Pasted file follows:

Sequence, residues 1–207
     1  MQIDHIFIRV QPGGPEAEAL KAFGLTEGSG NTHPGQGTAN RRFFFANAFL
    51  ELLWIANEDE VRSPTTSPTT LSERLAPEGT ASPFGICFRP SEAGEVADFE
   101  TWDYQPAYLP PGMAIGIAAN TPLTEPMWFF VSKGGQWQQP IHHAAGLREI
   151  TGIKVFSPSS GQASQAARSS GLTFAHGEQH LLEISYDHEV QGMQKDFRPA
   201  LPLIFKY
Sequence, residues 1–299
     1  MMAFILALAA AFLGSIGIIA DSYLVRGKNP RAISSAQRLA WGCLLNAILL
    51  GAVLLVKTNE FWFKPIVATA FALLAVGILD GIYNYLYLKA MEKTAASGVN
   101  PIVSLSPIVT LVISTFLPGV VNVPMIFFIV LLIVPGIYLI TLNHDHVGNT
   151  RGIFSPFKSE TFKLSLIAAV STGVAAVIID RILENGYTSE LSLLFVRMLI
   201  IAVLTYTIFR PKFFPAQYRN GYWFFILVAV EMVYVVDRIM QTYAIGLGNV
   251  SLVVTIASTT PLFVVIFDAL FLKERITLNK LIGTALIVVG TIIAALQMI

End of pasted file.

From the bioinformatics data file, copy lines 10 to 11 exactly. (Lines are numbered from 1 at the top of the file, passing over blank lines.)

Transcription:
   101  PIVSLSPIVT LVISTFLPGV VNVPMIFFIV LLIVPGIYLI TLNHDHVGNT
   151  RGIFSPFKSE TFKLSLIAAV STGVAAVIID RILENGYTSE LSLLFVRMLI